# Interplanetary Travel Basics Questions and Answers

This set of Spaceflight Mechanics Multiple Choice Questions & Answers (MCQs) focuses on “Interplanetary Travel Basics”.

1. Which method is employed for interplanetary missions?
a) Patched-conic method
b) Two-body problem method
c) N-body problem method
d) Euler’s method

Explanation: For carrying out interplanetary missions, the patched conic method is employed to divide the mission into three parts. The basic aspect of these missions is that they are considered to be Hohmann transfer.

2. In how many parts are the interplanetary mission divided into?
a) 1
b) 2
c) 3
d) 4

Explanation: Using the patched-conic method, the mission is divided into three parts-hyperbolic departure trajectory which is relative to the home planet, cruise ellipse relative to sun and finally the hyperbolic arrival of the trajectory relative to the target plane.

3. In order to escape from the Earth’s atmosphere to reach another planet for example Venus, which of these orbits it used?
a) Circular
b) Elliptical
c) Parabolic
d) Hyperbolic

Explanation: In order to begin an interplanetary cruise, spacecraft first needs to escape the earth’s gravitational pull. The transition from near-earth space to interplanetary space is done using a hyperbolic departure trajectory. This helps the spacecraft in crossing the fictitious boundary known as Earth’s Sphere of Influence (SOI).

4. What is sphere of influence of a planet?
a) Fictitious boundary for 2-body motion about a planet
b) Fictitious boundary where there is presence of gravity
c) Fictitious boundary for N-body motion about a planet
d) Fictitious boundary where there is atmosphere

Explanation: Sphere of Influence is a fictitious boundary where when the satellite enters, its orbit can be approximated by the two-body problem with the planet as the central body. It cannot be used to represent the motion of N-body gravity field.

5. According to Laplace, how is the sphere of influence defined?
a) Ratio of central- body acceleration and perturbing acceleration
b) Ratio of perturbing acceleration and central-body acceleration
c) Ratio of gravitational field of the planet to the potential field of the object
d) Ratio of the potential field of the object to the gravitational field of the planet

Explanation: According to Laplace, Sphere of Influence (SOI) is described as the ratio of perturbing acceleration and central-body acceleration.

6. In the heliocentric phase of the patched conic method, which orbit is followed by the spacecraft?
a) Circular
b) Elliptic
c) Parabolic
d) Hyperbolic

Explanation: In the heliocentric phase of the patched conic method, the spacecraft follows the elliptical transfer orbit where sun is considered as the primary gravitational body. The interplanetary cruise is analyzed by two-body mechanics in heliocentric0ecliptic coordinate frame.

7. In order to arrive from the Earth to the target planet for example Venus, which of these arrival orbits it used?
a) Circular
b) Elliptical
c) Parabolic
d) Hyperbolic

Explanation: The arrival trajectory inside the target planet’s sphere of influence is done using a hyperbolic orbit which is analyzed in inertial planet-centered frame. As soon as the spacecraft enters the target planet’s sphere of influence, the sun’s gravity is turned off and planet’s gravity is turned on.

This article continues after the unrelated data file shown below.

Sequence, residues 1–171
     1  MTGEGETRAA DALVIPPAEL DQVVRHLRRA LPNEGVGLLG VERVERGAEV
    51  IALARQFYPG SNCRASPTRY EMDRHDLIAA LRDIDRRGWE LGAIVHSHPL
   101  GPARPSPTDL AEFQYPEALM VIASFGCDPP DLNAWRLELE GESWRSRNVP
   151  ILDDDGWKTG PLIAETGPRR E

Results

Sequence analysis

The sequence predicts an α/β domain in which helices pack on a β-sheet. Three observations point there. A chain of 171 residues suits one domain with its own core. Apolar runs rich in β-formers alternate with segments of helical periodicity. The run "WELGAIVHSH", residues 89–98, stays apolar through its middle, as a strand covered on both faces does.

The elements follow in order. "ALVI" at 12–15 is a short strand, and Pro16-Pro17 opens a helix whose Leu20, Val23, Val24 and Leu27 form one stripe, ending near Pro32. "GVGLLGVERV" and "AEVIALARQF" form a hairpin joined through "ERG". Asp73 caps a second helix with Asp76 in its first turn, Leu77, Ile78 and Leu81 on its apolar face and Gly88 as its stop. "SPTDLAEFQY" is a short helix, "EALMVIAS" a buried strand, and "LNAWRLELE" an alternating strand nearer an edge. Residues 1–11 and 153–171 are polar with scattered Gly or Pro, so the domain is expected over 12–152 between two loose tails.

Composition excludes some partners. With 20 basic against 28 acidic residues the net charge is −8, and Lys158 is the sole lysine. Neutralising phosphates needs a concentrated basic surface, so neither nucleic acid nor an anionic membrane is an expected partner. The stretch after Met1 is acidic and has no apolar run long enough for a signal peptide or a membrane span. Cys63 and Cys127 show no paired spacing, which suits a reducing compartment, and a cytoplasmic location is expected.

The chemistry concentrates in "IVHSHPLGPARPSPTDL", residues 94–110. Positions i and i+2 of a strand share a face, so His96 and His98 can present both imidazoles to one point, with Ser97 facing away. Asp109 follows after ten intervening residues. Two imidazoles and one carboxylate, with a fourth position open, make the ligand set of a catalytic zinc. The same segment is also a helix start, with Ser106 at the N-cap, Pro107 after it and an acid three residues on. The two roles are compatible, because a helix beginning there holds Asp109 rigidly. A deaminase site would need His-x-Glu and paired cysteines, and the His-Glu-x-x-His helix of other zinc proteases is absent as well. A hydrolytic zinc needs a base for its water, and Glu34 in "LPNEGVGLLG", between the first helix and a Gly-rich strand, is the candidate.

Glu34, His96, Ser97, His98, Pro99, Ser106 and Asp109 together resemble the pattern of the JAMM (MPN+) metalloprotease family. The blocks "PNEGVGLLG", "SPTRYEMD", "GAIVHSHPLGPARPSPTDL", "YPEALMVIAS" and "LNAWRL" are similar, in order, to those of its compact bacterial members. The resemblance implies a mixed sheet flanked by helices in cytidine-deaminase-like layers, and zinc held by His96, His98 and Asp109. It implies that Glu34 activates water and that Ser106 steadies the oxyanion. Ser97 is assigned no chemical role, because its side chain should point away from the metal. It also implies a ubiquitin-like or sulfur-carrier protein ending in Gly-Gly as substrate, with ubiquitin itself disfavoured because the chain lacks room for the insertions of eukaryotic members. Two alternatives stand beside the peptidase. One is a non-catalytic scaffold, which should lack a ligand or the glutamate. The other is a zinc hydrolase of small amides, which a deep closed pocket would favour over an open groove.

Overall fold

8. What is the value of 1 AU unit?
a) 365,000 km
b) 149,597,871 km
c) 5,022,643 km
d) 132,712,444 km

Explanation: Since the distances in heliocentric orbits are very large, the distances are referred in terms of AU (Astronomical unit) rather than kilometers. 1AU = 149,597,871 km.

9. What is the reference velocity used for heliocentric orbits?
a) 1AU/TU
b) 2AU/TU
c) TU/AU
d) TU/3AU

Explanation: For heliocentric orbits, the reference velocity used is defined as the circular orbital speed in a heliocentric orbit at 1AU. This is 29.784630 km/s.
vref = $$\sqrt{\frac{\mu_s}{r_{ref}}}$$ = 29.7847 km/s
Where, μs = 1.327124 × 1011 $$\frac{km^3}{s^2} = \frac{1AU^3}{TU^2}$$ is the sun’s gravitational parameter.
rref = 1AU/TU.

10. Which is the main assumption for the heliocentric transfer orbit?
a) Planetary orbits are coplanar
b) Planetary orbits are circular
c) Planetary orbits are circular and coplanar
d) Planetary orbits are tangential

Explanation: For transfers to most of the planets, we consider that the planetary orbits are both circular and coplanar. Hohmann transfer is considered to be the most economical method for transfer between coplanar circular orbits.

11. What is the energy of the Hohmann transfer trajectory for spacecraft travelling from earth to mars? (Given- radius to mars from sun is 1.524 AU, radius to earth from sun is 1 AU).
a) -0.396 $$\frac{AU^2}{TU^2}$$
b) 0.245 $$\frac{AU^2}{TU^2}$$
c) 0.456 $$\frac{AU^2}{TU^2}$$
d) 0.284 $$\frac{AU^2}{TU^2}$$

Explanation: rM = 1.524 AU, rE = 1 AU
Energy of the Hohmann transfer trajectory is given by:
εt = $$\frac{-\mu_s}{r_M + r_E} = \frac{-\frac{1AU^3}{TU^2}}{1.524 AU + AU}$$
Where μs = $$\frac{1AU^3}{TU^2}$$
εt = -0.396 $$\frac{AU^2}{TU^2}$$.

Sanfoundry Global Education & Learning Series – Spaceflight Mechanics.

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